Community Safety has been a hot topic on the Montlake Forum lately –lots of ideas and strong opinions. Your Montlake Community Club Board is working to do something about safety while keeping Montlake welcoming too. November 12, Montlakers were invited to a meeting with East Precinct Police & the Crime Prevention Specialist. Read further to find out what we learned, and what we are doing to make Montlake a safe, welcoming, neighborly place to live……
Crime Prevention Best Practices
Crime Prevention Specialist,Terrie Johnston, of the East/West Precinct, offered advice at the meeting about protecting basic home & property, that is, on burglary, auto & other property theft prevention. Maybe surprisingly, she didn’t start by focusing on more alarms with bells and whistles, or more defensive weapons. She started by reminding us to get to know our neighbors. But of course! More pairs of eyes observing; more working together to take care of each other; more block watch participation efforts. Those are proven protections.
She talked about securing the locks on our windows and doors. But, of course! Developing the habit of locking the car, and buttoning up our houses makes sense. We need to do it. She reminded us too about documenting our belongings. Sure, we all hope we can prevent burglary, but if it happens, we need to know what’s missing, so our items might be identified and returned, if the burglars are caught.
Specialist Johnston reminded us to honor our intuition”—if someone on the street, down the sidewalk, or at the door gives you concern, call 911 to report it. Don’t ignore your gut reaction. She advised “Answer the door (talk through the door). Don’t open it until you know who is there.” Do let potential burglars know someone is in the house, rather than giving the impression no one is around.
Burglers and thieves work 24/7, so don’t live in fear, but be cautious around the clock. And, finally, if you are still feeling insecure, make an appointment through the East precinct non- emergency number ((206-684-4300) to ask for an officer to visit your home for a walk-about and specific advice on helpful safety measures you can take, including possible additional (but not neighbor-abusive ) lighting, shrub pruning, and lock upgrades.
SPD offers various crime prevention resources, bulletins, and check sheets at the SPD website (www.seattle.gov/police/). For those unable to attend the safety meeting, this website is well worth visiting for crime prevention advice.
SPD Officer Jay Shin, the Unit Supervisor of the Community Police Team for the East Precinct joined Johnston to respond to neighbors’ questions and concerns. Those concerns included (from most frequently mentioned to least) high speed & reckless driving, car break-ins & general property theft, burglary, personal safety in parks, homeless people & crime potential, commercial area safety, and lighting trespass.
Officer Shin spoke first to concerns about speeding traffic and reckless driving. He agreed to ask precinct traffic officers for increased patrols and ticketing on main arterials, and encouraged us to continue to work with SDOT on traffic calming approaches–as we are. Shin also addressed concerns about homeless people in the neighborhood, saying they are victims more frequently than the perpetrators of crimes, so are not often the likely suspects in thefts, car prowls, or burglaries.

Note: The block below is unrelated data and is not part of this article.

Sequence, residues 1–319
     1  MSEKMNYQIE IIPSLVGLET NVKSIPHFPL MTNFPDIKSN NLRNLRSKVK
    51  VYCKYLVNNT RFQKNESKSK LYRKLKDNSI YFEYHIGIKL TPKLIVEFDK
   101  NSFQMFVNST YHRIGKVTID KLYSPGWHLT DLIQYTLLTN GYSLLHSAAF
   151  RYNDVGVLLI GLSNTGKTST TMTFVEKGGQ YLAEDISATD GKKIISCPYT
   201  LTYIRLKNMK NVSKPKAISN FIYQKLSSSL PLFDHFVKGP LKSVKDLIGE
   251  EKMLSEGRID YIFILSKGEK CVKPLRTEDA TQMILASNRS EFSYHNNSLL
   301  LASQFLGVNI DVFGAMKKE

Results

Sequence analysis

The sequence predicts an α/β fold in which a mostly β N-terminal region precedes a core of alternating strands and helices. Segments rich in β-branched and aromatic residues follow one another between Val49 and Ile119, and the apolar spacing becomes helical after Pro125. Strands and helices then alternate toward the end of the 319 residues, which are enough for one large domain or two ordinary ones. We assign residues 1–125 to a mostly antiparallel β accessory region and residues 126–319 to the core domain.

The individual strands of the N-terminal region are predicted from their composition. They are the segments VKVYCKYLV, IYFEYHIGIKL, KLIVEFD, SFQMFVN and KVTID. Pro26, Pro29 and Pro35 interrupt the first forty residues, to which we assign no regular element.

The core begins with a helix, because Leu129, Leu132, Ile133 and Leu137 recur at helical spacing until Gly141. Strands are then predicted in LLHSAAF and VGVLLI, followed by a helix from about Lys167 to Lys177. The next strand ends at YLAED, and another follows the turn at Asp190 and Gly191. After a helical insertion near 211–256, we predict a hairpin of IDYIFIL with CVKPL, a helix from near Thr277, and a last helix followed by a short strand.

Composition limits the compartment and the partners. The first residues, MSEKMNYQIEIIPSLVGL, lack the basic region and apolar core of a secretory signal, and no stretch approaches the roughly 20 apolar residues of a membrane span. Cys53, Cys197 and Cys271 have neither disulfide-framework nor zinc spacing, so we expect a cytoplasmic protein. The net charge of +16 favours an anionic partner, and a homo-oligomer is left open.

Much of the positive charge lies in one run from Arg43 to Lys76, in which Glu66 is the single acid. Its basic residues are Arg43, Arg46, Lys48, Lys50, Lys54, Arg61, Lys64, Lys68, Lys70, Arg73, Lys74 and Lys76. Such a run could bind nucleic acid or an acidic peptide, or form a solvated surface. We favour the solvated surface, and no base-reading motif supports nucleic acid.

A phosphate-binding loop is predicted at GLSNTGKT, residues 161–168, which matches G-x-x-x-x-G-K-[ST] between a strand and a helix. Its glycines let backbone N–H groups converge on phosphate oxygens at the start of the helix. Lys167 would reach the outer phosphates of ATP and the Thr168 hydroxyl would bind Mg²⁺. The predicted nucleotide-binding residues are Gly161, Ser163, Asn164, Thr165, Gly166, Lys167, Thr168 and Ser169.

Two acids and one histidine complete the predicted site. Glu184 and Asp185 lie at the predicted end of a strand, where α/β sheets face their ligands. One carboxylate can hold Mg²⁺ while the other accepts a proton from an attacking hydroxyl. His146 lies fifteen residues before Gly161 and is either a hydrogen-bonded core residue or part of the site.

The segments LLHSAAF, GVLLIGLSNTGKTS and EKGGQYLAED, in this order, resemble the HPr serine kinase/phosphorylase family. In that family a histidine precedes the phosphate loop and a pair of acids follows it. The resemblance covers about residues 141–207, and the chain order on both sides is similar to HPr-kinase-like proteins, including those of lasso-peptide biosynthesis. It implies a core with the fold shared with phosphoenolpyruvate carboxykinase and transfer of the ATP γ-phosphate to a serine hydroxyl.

For other concerns, Shin, like Johnston, encouraged the enhancement of community building and block watch organizing. He observed that our neighborhood has a history of far lower crime incidents than others within the precinct, so we will usually have a lower police presence. Current crime statistics show we continue to have lower crime rates—and that is a good thing. So how we can gain quick response for the times we really do need the police remains an on-going issue. That, we must continue to advocate for as a community.
Generating Our Own Safety Plans
After the Precinct guests presented, the Montlake neighbors attending the meeting spent time in table discussions identifying the most important ways we could improve community safety. Three primary ideas emerged: a) more traffic control measures, b) advocacy for more police staffing and c) an enhanced Block Watch program. Eight (8) meeting participants offered to help in various ways on future safety efforts, including five (5) who were willing to serve as Block Watch captains or co-captain, and others willing to be worker bees on an action group (4) and/or participate in a community-wide safety committee (3). Since the Safety Meeting, four (4) other individuals participating in Forum discussions have also offered to be involved.
So here’s what’s planned for 2015, as follow up to that November safety meeting. We’ll work on three inter-connected efforts, as follows:
Traffic issues will continue to be addressed by neighbor volunteers led by Montlake Community Club Board member, Lionel Job. Lionel has worked tirelessly to attain safe streets for all in collaboration with the Seattle Department of Transportation (SDOT) through the Seattle Neighborhood Greenways and Safe Routes to School programs.
Block Watch organizing and revitalization will be led by Bryan Haworth, another MCC Board member. He’ll be initiating activities to organize Block Watch captains beginning in winter, 2015.
Crime Incidence, Police Staffing & Service Priorities will be addressed by volunteers invited to work with MCC Board members, Nathalie Gehrke & Bob DeLay, who also will kick off efforts early in 2015.
As work proceeds, expect to get progress reports through the Montlake Flyer and Forum, so keep an eye out for briefs from time to time. And if you want to help, write to Safety@Montlake.net .
Let’s keep Montlake welcoming, neighborly, and safe—working together.